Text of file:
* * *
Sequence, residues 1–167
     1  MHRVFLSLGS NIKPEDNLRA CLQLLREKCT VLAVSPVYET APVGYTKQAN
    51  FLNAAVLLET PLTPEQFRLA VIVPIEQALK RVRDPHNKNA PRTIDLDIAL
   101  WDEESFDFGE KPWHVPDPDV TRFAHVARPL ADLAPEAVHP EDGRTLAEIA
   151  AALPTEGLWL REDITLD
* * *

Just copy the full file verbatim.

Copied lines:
Sequence, residues 1–167
     1  MHRVFLSLGS NIKPEDNLRA CLQLLREKCT VLAVSPVYET APVGYTKQAN
    51  FLNAAVLLET PLTPEQFRLA VIVPIEQALK RVRDPHNKNA PRTIDLDIAL
   101  WDEESFDFGE KPWHVPDPDV TRFAHVARPL ADLAPEAVHP EDGRTLAEIA
   151  AALPTEGLWL REDITLD